Eat Less Move More: If this sounds like the title of a horror movie to you, then we have something in common!

In my nutrition practice, it’s the single, most challenging mindset shift my clients have to make. That is; to eat MORE!

Before you start singing hallelujah and grabbing the nearest family size chocolate bar, let me explain. Eat more whole foods, mainly whole vegetables. It brings us to the topic of calories…are all calories from food created equal?

Scientifically, the answer is YES. A calorie is a unit of measure, it is, the energy needed to raise 1 gram of water by 1 degree Celsius. Measuring energy using calories is great for comparing food out side the body, but when it enters the human body for digestion, the eventual usable energy can be very different from its food origin.

The science of nutrition is very helpful in explaining how different foods are used to nourish the body and why it is so important to eat predominately wholefoods.

Calories are like chalk and cheese

I won’t get too carried away in explaining the nutritional value of cheese over chalk other than to say they both have an energy rating, they both can be digested by the human body and are a source of calcium. However, one promotes the repair and regeneration of the body, and other can cause abdominal pain, nausea, vomiting, constipation, or diarrhea. Can you guess which one is the healthy choice?

Nutrition as a science is brilliant because it can be simplified back to mother nature, for example, generally; If you can see it growing then it’s good for your body’s health.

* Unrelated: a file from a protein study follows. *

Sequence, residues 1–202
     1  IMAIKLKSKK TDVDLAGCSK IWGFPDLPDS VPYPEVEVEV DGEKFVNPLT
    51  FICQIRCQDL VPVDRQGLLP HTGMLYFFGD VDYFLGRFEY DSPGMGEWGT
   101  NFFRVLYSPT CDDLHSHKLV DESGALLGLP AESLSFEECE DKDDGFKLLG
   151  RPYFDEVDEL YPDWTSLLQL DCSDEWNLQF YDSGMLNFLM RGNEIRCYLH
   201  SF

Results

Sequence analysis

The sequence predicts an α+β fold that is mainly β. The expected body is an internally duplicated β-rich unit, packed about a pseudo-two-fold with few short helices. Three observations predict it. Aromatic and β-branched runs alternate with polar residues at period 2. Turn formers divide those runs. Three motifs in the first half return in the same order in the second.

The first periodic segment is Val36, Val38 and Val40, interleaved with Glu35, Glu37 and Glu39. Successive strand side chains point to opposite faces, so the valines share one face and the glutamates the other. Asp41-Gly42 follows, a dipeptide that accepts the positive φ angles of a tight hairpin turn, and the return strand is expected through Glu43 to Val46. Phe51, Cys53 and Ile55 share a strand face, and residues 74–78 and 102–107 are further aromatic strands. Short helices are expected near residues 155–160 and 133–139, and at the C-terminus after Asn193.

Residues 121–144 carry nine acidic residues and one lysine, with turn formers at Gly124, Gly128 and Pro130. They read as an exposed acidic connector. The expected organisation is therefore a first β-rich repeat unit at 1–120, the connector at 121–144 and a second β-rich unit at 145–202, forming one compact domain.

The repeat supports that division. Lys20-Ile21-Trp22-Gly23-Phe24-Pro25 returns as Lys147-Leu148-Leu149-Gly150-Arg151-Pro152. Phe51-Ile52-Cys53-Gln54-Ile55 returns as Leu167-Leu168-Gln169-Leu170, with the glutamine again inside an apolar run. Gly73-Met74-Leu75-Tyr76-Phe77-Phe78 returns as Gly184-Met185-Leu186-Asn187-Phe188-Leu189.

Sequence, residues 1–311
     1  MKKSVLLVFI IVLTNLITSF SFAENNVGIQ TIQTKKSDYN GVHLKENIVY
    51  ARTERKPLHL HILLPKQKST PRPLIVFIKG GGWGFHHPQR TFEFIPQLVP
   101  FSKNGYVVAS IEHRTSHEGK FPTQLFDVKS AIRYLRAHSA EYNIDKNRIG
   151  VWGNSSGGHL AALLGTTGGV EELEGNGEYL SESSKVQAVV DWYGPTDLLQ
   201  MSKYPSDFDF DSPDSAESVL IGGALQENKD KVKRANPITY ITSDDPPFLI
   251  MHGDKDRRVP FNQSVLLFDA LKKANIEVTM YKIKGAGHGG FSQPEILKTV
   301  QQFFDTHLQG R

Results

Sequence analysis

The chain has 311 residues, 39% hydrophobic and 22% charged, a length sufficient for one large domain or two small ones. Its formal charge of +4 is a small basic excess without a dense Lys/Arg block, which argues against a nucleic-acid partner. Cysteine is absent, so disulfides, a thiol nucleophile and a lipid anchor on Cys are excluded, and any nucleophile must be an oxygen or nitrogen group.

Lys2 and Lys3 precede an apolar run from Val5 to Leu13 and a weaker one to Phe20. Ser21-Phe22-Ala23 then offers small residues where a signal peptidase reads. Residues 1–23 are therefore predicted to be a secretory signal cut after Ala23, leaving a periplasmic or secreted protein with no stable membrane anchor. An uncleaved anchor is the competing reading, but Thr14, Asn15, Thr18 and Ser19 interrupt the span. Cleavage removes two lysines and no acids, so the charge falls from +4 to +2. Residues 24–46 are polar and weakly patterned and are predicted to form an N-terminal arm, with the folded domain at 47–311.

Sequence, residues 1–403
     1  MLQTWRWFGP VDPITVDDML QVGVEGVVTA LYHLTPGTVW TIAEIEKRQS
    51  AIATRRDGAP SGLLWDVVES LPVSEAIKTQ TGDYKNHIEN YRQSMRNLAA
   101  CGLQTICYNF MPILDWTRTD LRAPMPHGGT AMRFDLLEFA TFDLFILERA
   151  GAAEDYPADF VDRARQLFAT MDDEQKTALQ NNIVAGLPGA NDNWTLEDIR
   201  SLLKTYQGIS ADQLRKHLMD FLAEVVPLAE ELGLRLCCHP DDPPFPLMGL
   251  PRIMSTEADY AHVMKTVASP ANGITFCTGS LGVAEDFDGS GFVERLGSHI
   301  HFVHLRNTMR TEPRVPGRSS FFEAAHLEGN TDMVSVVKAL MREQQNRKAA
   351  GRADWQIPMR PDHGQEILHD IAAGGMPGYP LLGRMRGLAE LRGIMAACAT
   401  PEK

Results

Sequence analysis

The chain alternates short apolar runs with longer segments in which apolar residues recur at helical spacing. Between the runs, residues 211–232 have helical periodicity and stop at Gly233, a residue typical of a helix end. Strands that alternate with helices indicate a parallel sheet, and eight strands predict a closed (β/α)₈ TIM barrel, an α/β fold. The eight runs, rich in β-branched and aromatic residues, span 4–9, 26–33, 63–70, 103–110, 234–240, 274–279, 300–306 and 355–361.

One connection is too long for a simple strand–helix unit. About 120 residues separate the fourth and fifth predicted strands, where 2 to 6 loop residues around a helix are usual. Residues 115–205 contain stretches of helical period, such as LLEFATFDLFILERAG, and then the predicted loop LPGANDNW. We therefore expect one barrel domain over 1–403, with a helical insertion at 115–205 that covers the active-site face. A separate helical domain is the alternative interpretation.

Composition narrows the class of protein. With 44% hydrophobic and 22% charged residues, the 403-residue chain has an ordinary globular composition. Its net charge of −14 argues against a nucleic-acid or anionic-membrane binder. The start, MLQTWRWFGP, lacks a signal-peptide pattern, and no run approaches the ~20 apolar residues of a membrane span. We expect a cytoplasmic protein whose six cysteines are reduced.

When we count calories rather than whole foods our body can become “stuffed” with energy that it can’t necessarily use.  To illustrate; energy from a few squares of chocolate (11g) and an apple (110g) have the same caloric value, but are processed differently in the body.

Energy from chocolate comes from fats and sugars (carbohydrate) with little other nutrients to measure and use. Chocolate is wholly digestible and easily stored by the body. Energy from an apple comes mainly from sugars (carbohydrate). However, apples need a significant amount of energy to process. Firstly, they need to be chewed, digested in the stomach,  then the indigestible waste (fiber) needs to be removed from the body.

Apples have other nutrients that the body is able to use; Vitamin B complex, Vitamin: C, A and K, Calcium, Iron, Potassium, Zinc, etc. Therefore the energy available for storage from an apple after it has been processed by the body will be significantly less than its original caloric value.

Keep it in perspective: Eat more, not less

It is much easier to over eat processed foods, because they don’t need to be processed by the body for digestion. For example, it is very easy to eat 500 calories (1 cup)  or more of ice cream, but it will be very hard to eat 500 calories (1.5kg) of broccoli!

This is a key example of how the food choices you make can have a huge impact on how much you eat and the calories you end up storing as fat for later use.

If we get back to our chocolate…with the same calories as a few squares of chocolate (11g), you can eat 10 times more apple, store 50% less of its calories and nourish your body 50% better.

Apples are not necessarily better than chocolate always – I love chocolate! And I don’t believe chocolate should be removed from a healthy diet. Eating predominately simple natural whole foods is the best way to ensure your body is nourished safely and adequately.

No food should be off limits, but processed foods should be limited. However, true health begins with exercise and is fueled by nutrition. That is not to say we live for exercise, but rather, we live by moving.

Start moving more today by  downloading  your beginner 9 minute, Cardio, Core and Strength workout with the link below.

Live well with Health and WELLth!  

Written by Anna: Nutritionist and Exercise Coach